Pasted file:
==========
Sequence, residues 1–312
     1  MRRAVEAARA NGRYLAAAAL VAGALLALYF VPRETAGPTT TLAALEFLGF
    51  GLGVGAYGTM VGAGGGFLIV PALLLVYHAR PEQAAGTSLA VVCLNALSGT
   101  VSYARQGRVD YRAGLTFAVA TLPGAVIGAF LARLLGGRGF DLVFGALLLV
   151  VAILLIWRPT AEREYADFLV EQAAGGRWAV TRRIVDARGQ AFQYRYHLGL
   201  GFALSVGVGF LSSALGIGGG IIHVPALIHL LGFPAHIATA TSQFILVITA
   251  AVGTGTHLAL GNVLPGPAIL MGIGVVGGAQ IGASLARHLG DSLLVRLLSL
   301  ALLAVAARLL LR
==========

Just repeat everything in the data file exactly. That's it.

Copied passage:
Sequence, residues 1–312
     1  MRRAVEAARA NGRYLAAAAL VAGALLALYF VPRETAGPTT TLAALEFLGF
    51  GLGVGAYGTM VGAGGGFLIV PALLLVYHAR PEQAAGTSLA VVCLNALSGT
   101  VSYARQGRVD YRAGLTFAVA TLPGAVIGAF LARLLGGRGF DLVFGALLLV
   151  VAILLIWRPT AEREYADFLV EQAAGGRWAV TRRIVDARGQ AFQYRYHLGL
   201  GFALSVGVGF LSSALGIGGG IIHVPALIHL LGFPAHIATA TSQFILVITA
   251  AVGTGTHLAL GNVLPGPAIL MGIGVVGGAQ IGASLARHLG DSLLVRLLSL
   301  ALLAVAARLL LR